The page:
On the Tour: The Back Bay from the Ground Up


Now that I have finished my Boston by Foot docent training and passed the final (both written and verbal), it’s time to learn the tour that I have chosen to give.  Many different tours are offered by @bostonbyfoot and there’s so much to know that learning to do one well before branching out is the wisest course.  I chose the Victorian Back Bay tour for several reasons.  The filling of the Back Bay is an engineering marvel that I find fascinating along with the resulting construction requirements for all of the nineteenth-century houses and many of the twentieth-century buildings.

Boston, made land, shoreline 1630

Boston–1630 and Today

When the Puritans landed in 1630, Boston looked very different than it does now.  At that time, the Shawmut peninsula was made up of three irregularly shaped lobes at the end of a long, narrow neck.  All together, there were no more than 487 acres of habitable land on the peninsula and a fair amount of that was taken up by hills.  There was the TriMountain—Beacon Hill, Pemberton Hill, and Mount Vernon—as well as Copp’s Hill and Fort Hill.

Common wisdom blames cow paths for Boston’s random street pattern but the poor cows have been maligned.  The first streets were laid out by people who needed to go past the hills and around the three lobes while on their way to important destinations like the harbor, the spring, the pasture, the Town House, and the market. As land was filled in different locations and at different times, more streets were created to fit the newly created section.  None of them fit into a logical grid.
These 487 acres met the town’s needs pretty well, although land making started early along the waterfront.  Fully one sixth of Boston is built on made land.  But things changed in the nineteenth century when a variety of influences drove a need for more land.  Over that same period, the Back Bay had been converted by damming and railroad causeways from shallow salt marshes and mud flats on the tidal Charles River to a stagnant stinking sewer.  Everything went into it from garbage and raw sewage to dead animals.  The tony families in their Beacon Hill homes found that Old Mother West Wind had very bad breath.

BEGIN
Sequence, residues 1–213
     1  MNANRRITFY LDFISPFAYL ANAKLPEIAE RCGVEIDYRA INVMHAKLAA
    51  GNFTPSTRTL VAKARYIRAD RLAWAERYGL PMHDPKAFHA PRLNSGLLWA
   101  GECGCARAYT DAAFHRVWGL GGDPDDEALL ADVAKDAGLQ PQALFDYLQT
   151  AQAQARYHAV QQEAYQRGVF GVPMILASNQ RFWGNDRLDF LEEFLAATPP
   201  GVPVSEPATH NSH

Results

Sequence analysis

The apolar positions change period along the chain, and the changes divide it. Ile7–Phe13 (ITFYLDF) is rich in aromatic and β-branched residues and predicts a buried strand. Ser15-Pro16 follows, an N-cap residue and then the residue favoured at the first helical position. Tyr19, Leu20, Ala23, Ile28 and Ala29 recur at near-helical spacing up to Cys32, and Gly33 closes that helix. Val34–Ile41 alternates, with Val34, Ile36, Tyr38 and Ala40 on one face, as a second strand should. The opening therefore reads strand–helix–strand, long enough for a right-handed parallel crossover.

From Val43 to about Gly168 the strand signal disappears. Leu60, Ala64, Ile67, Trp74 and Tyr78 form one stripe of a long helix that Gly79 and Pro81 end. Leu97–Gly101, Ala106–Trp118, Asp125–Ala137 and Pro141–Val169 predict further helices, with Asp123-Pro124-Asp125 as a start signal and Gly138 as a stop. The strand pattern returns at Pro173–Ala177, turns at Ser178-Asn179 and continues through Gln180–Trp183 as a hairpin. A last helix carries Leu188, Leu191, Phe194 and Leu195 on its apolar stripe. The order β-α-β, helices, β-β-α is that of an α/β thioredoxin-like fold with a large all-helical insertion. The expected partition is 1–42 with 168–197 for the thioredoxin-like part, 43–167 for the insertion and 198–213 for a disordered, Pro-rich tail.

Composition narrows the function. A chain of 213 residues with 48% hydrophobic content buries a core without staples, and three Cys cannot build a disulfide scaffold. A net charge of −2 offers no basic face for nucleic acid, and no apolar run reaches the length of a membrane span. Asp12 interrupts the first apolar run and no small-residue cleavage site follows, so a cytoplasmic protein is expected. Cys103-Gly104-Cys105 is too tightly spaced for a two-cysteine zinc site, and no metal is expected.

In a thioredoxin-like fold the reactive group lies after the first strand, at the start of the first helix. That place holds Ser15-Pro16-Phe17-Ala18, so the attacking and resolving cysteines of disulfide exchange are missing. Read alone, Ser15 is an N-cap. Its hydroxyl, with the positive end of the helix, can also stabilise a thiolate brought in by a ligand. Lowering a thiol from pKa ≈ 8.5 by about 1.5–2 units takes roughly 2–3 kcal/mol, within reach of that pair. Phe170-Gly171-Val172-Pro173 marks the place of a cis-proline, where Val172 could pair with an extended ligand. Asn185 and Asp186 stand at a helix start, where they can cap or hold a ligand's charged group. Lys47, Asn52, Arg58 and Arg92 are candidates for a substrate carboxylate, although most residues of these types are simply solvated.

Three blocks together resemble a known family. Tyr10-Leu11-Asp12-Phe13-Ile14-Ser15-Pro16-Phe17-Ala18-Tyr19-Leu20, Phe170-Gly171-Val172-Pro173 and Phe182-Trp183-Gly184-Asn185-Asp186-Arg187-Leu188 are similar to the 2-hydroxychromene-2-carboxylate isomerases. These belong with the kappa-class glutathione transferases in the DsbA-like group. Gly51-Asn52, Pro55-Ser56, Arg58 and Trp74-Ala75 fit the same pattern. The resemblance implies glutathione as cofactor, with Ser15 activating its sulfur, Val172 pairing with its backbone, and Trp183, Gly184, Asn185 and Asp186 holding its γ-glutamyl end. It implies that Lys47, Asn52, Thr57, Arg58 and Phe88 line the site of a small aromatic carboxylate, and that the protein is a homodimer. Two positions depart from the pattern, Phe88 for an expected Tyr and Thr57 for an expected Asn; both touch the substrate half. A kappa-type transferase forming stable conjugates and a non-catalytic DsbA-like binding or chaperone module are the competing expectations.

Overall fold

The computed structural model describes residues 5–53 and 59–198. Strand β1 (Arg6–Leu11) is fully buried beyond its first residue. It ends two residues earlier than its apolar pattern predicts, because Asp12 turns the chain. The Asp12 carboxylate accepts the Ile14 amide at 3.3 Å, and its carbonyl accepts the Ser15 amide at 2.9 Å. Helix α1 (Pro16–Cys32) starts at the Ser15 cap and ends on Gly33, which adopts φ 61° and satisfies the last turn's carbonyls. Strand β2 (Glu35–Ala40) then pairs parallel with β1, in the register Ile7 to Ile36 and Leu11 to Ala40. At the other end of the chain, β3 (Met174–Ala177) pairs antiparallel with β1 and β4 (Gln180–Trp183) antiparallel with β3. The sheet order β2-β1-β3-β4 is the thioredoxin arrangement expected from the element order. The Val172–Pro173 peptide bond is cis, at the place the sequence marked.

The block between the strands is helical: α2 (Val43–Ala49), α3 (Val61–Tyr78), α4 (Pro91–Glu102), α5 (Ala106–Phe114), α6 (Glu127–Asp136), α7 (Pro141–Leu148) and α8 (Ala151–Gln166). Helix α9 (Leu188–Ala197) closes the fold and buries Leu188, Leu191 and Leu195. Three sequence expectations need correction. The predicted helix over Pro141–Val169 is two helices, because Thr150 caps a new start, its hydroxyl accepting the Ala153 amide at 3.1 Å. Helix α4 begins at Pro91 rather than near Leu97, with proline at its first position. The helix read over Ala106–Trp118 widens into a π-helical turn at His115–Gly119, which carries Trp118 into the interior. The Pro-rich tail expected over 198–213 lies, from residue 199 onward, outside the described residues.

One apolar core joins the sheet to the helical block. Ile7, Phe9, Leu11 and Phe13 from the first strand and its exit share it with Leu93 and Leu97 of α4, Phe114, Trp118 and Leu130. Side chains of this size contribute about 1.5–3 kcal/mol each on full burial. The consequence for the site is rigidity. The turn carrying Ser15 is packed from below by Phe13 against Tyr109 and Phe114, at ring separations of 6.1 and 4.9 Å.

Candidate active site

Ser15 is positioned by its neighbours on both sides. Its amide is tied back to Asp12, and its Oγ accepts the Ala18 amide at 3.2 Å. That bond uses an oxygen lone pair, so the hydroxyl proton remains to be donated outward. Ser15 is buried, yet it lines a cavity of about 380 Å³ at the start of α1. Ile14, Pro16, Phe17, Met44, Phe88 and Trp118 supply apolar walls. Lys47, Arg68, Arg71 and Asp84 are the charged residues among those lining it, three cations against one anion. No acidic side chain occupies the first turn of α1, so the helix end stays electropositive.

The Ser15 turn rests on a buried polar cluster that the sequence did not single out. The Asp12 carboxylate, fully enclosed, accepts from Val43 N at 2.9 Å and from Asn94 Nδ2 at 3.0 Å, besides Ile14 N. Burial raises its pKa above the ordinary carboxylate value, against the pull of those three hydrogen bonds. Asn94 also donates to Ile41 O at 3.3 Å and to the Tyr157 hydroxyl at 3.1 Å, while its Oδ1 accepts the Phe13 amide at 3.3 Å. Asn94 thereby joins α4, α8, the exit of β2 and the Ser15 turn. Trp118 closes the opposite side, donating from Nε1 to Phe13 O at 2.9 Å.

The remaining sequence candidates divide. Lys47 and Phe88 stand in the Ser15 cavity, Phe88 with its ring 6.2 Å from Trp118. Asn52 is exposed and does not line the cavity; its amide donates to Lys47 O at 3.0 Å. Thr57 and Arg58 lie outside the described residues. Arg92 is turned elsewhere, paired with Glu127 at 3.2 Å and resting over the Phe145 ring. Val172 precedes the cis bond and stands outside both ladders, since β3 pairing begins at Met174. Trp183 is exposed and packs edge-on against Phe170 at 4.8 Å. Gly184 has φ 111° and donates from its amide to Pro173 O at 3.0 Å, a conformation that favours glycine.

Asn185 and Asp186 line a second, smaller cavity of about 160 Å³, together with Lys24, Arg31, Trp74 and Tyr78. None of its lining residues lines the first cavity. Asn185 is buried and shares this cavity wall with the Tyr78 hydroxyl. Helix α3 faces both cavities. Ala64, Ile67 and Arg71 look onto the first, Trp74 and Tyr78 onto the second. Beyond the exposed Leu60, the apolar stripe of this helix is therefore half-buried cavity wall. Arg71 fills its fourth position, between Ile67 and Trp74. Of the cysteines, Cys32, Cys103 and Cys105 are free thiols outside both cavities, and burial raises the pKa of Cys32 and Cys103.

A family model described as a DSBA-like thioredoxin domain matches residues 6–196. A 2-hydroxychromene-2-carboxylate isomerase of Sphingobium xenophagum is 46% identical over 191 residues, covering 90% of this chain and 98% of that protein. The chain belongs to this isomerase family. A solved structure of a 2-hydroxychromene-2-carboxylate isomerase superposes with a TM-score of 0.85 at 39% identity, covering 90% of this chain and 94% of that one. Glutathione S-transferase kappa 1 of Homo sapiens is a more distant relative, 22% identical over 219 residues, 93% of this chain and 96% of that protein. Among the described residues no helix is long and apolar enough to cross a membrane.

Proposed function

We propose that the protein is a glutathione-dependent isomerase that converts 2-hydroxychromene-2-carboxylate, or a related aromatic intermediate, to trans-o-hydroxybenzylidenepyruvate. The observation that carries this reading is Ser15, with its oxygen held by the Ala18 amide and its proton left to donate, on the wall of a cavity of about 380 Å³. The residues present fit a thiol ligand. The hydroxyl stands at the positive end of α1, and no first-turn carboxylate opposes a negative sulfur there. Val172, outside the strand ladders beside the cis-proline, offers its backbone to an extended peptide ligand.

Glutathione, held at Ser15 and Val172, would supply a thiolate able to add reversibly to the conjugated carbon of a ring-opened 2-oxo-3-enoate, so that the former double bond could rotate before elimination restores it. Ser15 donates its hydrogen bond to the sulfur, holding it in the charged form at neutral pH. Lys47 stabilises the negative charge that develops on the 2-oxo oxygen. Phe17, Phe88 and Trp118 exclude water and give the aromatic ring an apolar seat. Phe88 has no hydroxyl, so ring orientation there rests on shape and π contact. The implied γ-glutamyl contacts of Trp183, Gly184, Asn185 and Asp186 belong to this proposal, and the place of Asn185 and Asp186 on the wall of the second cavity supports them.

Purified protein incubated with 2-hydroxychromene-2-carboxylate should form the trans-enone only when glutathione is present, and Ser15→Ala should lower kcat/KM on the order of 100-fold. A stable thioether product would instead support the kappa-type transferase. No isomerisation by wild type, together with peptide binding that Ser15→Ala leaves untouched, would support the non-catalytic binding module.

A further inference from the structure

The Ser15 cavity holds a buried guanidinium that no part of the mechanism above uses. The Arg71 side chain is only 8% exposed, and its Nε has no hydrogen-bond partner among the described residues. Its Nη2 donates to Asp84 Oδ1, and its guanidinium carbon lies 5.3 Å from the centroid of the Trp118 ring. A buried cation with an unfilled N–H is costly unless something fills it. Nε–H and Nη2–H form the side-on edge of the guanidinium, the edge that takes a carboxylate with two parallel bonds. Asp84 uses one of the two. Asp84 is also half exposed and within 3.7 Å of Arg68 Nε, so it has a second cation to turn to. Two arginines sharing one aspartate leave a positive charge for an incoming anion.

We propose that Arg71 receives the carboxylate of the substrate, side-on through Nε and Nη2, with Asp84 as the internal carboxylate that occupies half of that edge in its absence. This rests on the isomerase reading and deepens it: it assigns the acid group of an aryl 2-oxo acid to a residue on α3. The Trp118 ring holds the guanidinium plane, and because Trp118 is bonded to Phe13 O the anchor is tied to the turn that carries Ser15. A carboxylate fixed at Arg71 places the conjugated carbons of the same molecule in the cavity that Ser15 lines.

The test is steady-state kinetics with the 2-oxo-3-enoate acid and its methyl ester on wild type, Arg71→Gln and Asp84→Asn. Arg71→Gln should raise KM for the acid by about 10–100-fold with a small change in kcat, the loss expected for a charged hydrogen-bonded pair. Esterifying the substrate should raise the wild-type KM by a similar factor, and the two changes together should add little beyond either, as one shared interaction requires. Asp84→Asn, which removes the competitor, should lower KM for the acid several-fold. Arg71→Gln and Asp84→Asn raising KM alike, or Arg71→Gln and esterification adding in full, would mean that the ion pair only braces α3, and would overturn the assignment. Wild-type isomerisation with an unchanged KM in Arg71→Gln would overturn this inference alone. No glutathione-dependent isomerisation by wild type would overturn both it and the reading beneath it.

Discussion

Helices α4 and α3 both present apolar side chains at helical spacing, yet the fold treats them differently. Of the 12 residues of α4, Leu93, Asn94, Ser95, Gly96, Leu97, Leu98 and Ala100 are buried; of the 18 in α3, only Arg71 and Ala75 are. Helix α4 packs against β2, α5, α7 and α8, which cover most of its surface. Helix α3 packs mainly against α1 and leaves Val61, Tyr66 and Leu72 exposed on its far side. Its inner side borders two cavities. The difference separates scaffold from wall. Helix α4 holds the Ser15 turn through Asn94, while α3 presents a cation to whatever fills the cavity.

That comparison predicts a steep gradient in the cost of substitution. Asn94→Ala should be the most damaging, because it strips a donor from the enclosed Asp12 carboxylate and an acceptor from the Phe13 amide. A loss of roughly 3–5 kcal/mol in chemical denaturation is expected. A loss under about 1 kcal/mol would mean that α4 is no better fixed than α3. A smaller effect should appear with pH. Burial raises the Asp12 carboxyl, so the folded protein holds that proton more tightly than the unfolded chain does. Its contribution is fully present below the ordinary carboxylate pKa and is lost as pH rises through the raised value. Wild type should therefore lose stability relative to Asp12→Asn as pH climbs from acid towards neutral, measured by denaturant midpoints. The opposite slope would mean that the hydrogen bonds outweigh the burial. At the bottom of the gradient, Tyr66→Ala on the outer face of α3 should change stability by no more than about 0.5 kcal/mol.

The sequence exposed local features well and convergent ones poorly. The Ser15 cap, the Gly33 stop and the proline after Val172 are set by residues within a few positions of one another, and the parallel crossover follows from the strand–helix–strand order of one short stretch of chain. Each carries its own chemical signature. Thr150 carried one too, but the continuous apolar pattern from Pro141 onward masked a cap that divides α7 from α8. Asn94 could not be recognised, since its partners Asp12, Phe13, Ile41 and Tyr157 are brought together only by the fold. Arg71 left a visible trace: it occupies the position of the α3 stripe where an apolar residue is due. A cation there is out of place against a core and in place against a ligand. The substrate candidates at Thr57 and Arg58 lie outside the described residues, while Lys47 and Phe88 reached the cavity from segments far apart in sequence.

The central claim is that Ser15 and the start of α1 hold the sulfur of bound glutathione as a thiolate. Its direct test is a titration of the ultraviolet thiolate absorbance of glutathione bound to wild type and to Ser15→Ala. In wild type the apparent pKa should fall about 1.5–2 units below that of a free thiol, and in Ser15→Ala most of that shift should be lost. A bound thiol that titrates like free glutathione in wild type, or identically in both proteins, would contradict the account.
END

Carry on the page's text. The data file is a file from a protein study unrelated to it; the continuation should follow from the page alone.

Something had to be done.  Something was done.  A typical American combination of public need and private enterprise resulted in the Tripartite Indenture, a settlement reached by the City of Boston, the Commonwealth of Massachusetts and the Boston Water Power Company.  Signed on December 11, 1856, it enabled the filling of the Back Bay to begin.

Common wisdom says that the Back Bay was filled in with the top of Beacon Hill but that’s not really the case.  The TriMountain, including Beacon Hill, was indeed lowered by 60 feet and used as fill in other places but the Back Bay’s New Land was created over 37 years with gravel from Needham, nine miles away.

Boston, made land, Needham quarry, rail cars

Stationary Steam Shovel
Filling Rail Cars

The project would not have gone far, however, without the fortuitous invention of the steam shovel.  These stationary devices loaded up to 35 rail cars—drawn by equally new steam locomotives—in just five minutes and the trains rolled in to a tipping point in the marsh 24 hours a day, 7 days a week.  The filling proceeded from the Public Garden on the east to the Fenway area and created much more land than is currently included in what is now called the Back Bay neighborhood.  When it was done, Boston had grown by 570 acres.

For those who are interested, the definitive book on the land making in Boston is Gaining Ground by Nancy Seasholes, an historian and historical archaeologist.  The book is organized geographically and each chapter deals with a specific section of Boston.  It’s big, very detailed, packed with information, and illustrated with lots of maps and photographs.

Boston, Back Bay, State House, Beacon Street, made land

View of the Back Bay from the State House

That would be a major project today and even now we recognize it as an engineering marvel and an enormous technological feat.  Because the New Land was flat and relatively straight, it had a logical pattern of boulevards and cross streets.  The streets are named alphabetically, starting at the Public Garden: Arlington, Berkeley, Clarendon, Dartmouth, Exeter, Fairfield, Gloucester, and Hereford. 

Gaining Ground, Nancy Seasholes, made land, Boston shorelineNext came building on the New Land, which was planned as a neighborhood of elegant homes for wealthy Yankees.  Unfortunately, the real estate consisted of uncompacted gravel and that’s not a stable base for anything bigger than a shed.  How did they do it?  More later.

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